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Stephen C. Shannon, DO, MPH
President
  

Working with Colleagues to Advance Osteopathic Medical Education

Throughout their years in medical school, osteopathic medical students are reminded frequently of the need to collaborate with one another, and with other health care professionals, in order to achieve the best possible health outcomes for their patients. And the same can be said about AACOM—we are most successful in representing U.S. osteopathic medical education when we are working with others to meet shared goals. Thus, I thought I might take time to chronicle some of our more recent collaborative efforts that are underway, and to highlight the partnerships that are making a difference to the entire osteopathic medical community, from students to practicing physicians and beyond.

For decades, AACOM has worked closely with many organizations to advance osteopathic medical education. For example, we work particularly closely with our sister organization, the American Osteopathic Association (AOA)—on issues of concern to the nation’s osteopathic medical profession. Over the past several years, the two organizations have embarked on deliberative efforts to gather representatives from across the osteopathic profession and the osteopathic medical education community to explore current and future issues, and to determine how osteopathic medical education should respond and evolve. The most recent of these efforts was the formation of the joint Blue Ribbon Commission for the Advancement of Osteopathic Medicine (BRC) to identify unique opportunities for the osteopathic profession to offer leadership in medical education so as to improve the health of the U.S. population in the 21st century.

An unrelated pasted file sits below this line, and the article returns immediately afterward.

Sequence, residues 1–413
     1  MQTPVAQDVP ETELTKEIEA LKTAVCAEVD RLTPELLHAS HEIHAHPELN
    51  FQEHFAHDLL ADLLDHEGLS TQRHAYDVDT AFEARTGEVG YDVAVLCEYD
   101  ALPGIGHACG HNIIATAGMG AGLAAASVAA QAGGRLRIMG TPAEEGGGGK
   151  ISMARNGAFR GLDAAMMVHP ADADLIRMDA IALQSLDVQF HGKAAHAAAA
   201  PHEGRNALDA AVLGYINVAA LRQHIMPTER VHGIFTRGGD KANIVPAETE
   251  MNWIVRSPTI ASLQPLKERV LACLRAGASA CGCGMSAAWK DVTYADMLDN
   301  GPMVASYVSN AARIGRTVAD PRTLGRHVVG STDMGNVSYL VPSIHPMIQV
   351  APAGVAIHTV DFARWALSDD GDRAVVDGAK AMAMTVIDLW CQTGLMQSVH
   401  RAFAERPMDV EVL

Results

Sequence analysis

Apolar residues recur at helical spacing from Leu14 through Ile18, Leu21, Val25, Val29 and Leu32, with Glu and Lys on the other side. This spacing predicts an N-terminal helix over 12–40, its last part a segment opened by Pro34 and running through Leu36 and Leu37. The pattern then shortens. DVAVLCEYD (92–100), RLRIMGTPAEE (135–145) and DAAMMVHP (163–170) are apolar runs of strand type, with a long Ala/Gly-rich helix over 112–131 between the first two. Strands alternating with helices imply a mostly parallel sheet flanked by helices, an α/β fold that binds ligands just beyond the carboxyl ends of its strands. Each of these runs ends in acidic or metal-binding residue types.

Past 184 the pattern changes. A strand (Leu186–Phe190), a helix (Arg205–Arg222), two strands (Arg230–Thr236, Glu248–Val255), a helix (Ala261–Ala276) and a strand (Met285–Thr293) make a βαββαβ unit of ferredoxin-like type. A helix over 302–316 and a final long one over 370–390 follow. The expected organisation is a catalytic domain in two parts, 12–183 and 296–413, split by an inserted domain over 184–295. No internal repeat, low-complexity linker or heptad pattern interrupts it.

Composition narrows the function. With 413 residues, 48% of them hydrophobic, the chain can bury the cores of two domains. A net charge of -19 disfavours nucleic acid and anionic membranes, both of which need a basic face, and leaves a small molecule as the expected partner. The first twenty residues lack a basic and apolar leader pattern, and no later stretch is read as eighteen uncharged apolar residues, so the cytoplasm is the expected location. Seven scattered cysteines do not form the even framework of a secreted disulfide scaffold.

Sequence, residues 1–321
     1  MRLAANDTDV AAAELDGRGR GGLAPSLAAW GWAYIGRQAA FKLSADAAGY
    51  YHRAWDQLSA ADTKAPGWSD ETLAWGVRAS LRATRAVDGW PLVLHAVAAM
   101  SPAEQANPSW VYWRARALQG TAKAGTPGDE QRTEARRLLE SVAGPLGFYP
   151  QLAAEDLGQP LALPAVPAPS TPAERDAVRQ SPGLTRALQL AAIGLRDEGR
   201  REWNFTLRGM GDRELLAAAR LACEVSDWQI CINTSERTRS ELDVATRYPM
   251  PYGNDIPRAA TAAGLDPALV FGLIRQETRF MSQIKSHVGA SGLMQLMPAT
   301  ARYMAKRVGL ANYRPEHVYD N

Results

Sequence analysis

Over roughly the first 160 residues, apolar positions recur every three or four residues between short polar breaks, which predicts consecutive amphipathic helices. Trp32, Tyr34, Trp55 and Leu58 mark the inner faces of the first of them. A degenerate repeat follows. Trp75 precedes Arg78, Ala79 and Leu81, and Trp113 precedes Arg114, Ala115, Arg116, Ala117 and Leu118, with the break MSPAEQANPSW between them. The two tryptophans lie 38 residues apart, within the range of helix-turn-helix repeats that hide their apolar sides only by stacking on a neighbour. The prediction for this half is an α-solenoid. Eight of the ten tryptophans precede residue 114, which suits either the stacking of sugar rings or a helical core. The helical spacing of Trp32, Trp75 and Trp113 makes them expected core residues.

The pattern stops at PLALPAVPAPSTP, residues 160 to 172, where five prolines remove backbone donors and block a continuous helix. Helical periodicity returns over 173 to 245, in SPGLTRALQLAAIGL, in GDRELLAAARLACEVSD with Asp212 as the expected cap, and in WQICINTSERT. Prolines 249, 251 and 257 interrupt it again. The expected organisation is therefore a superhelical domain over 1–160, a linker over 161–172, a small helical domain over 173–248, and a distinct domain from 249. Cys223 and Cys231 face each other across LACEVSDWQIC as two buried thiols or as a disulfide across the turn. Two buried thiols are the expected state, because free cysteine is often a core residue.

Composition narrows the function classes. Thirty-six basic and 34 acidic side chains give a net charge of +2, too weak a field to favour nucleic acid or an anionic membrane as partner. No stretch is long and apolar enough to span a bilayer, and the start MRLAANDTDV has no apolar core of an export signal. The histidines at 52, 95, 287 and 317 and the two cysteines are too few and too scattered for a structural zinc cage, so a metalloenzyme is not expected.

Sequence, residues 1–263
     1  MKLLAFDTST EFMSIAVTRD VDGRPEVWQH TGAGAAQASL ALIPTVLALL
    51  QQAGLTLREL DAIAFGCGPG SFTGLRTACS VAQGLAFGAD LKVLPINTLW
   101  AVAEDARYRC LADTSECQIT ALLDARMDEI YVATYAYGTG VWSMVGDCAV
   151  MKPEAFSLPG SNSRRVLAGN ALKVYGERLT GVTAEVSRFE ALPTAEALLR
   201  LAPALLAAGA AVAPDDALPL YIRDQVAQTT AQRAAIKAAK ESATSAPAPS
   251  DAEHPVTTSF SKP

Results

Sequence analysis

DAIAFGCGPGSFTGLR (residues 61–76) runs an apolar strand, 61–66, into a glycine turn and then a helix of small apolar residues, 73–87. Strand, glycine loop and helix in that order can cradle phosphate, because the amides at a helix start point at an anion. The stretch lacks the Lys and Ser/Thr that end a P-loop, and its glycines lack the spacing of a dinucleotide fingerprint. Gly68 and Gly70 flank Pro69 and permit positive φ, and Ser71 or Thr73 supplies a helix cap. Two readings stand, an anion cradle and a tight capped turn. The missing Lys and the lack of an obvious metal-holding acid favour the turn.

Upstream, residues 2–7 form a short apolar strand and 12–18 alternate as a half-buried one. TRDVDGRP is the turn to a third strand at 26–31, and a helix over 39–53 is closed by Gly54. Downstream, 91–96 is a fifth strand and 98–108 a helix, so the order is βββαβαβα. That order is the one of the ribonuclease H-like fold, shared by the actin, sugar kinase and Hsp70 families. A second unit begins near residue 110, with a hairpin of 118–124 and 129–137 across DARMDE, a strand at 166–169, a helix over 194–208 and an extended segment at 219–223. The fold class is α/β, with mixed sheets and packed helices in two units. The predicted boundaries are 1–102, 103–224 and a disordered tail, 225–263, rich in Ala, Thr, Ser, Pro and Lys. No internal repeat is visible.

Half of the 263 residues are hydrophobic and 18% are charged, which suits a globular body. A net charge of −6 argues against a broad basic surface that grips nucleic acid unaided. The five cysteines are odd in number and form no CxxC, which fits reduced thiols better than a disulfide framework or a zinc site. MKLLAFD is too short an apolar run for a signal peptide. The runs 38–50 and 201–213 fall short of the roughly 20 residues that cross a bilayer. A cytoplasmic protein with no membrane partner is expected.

AACOM’s close relationship with the AOA extends beyond these gatherings to growing numbers of additional activities. Most recently, for example, AACOM and the AOA have collaborated in opposition to proposed cuts to graduate medical education funding. Throughout the work to sustain and improve the funding for graduate medical education, AACOM has collaborated with a number of other organizations as well, as evidenced by the numerous collaborative letters on this issue, which we have posted on our website. And earlier this year, AACOM, the AOA and the National Board of Osteopathic Medical Examiners (NBOME) worked together to create an osteopathic  graduate medical education match outcomes report similar to the NRMP-AAMC's "Charting the Outcomes of the Match," which provides characteristics of students successfully competing in the ACGME match, by specialty (see related item, below).  

In 2009, AACOM held its first joint Annual Meeting with the Association of Osteopathic Directors and Medical Educators. The joint meeting proved so popular that a second Joint AACOM & AODME Annual Meeting, “Meeting Future Health Care Needs: The Role of Interprofessional Education,” was held last April, attracting the highest attendance ever recorded by either association. More than 660 osteopathic medical (COMs) students, faculty, staff, physicians and residency directors participated in the meeting. Plans call for repeating the joint meetings every other year.